Cyberattack on Waikato hospitals likely initiated via email

Attack caused five hospitals’ systems to go offline

Cyberattack on Waikato hospitals likely initiated via email


By Gabriel Olano

The cyberattack on the Waikato District Health Board was likely executed through someone opening an infected email attachment, according to reports.

The attack caused knocked out the phone lines and computers of several hospitals in the district – Thames, Tokoroa, and Taumarunui, Te Kūiti, Thames, Tokoroa and Waikato. Most IT functions and services, excluding email, went out of commission on Tuesday morning.

Kevin Snee, chief executive of Waikato DHB, told Radio NZ that the attack seems to have been triggered by someone opening an email attachment.

“It appears to have been attached to an email, that is our working hypothesis,” he said.

Snee said the attackers have not issued any threats to divulge any patient information, but have demanded a ransom to be paid for the attack to be lifted.

The New Zealand government’s policy is not to pay ransoms, and Snee said he “wholeheartedly agrees” with the stance.

The attack caused surgeries to be postponed, and Snee said the DHB will have to rely on the private sector to make up for lost time. He said recovery is continuing at a gradual pace, but some disruptions are expected to last until the weekend.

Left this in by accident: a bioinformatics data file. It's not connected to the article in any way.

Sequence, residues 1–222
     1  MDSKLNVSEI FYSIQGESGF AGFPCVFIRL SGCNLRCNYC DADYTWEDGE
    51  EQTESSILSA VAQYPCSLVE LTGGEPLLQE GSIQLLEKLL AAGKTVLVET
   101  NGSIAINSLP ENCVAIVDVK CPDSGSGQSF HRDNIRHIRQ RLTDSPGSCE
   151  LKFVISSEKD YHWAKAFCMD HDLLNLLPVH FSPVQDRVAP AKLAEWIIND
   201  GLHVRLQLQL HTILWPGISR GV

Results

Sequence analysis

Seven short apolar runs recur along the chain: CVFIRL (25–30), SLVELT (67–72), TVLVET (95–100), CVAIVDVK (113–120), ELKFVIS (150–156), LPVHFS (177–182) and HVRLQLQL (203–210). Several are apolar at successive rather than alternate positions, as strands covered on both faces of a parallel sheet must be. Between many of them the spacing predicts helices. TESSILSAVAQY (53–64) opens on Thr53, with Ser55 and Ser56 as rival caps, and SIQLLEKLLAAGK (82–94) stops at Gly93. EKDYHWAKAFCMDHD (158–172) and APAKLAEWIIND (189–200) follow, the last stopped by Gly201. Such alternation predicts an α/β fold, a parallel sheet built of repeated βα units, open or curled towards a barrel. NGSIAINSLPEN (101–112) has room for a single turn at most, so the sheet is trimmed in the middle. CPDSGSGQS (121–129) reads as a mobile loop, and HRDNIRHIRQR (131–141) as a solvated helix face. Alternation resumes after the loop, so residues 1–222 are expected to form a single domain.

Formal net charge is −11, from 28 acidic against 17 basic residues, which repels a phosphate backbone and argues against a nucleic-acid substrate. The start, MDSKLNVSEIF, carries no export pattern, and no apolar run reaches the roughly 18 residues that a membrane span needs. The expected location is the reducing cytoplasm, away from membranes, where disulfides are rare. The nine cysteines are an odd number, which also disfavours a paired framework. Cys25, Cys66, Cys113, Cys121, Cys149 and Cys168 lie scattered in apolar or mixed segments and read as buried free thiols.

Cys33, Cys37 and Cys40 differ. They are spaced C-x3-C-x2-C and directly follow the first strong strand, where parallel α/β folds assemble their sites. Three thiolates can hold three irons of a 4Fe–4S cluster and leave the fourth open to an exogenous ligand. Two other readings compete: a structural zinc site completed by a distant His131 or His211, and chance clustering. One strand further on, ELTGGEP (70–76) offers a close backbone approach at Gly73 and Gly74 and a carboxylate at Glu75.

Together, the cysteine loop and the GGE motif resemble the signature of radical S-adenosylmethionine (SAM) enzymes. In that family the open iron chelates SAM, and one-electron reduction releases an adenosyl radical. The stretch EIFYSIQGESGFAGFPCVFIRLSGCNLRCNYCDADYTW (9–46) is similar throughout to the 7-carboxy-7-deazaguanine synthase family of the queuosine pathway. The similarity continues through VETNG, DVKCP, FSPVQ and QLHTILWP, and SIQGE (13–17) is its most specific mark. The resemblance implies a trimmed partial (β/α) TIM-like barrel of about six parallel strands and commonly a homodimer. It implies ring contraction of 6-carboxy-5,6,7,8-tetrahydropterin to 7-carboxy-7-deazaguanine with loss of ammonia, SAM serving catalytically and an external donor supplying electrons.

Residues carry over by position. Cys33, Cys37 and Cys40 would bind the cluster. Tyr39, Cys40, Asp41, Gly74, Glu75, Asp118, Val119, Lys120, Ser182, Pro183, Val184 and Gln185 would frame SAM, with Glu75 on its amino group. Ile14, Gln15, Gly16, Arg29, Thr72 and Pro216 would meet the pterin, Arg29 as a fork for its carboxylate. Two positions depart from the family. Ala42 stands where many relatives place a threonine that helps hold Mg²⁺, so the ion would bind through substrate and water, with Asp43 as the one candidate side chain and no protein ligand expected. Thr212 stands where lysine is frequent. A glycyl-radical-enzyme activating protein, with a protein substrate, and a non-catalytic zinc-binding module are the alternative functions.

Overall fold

“We are working with cybersecurity experts, and they will be isolating the problem and building the system back up,” he said.

According to the Ministry of Health, this cyberattack is one of many daily attempts to hack into New Zealand’s healthcare system. The Ministry refused to comment on the Waikato DHB incident due to “security reasons”.

It does not appear to be connected to the cyberattack on Ireland’s health system last week. There have been several high-profile targets of cyberattacks in recent days, including the Colonial Pipeline in the US, and the Asian businesses of global insurer AXA.

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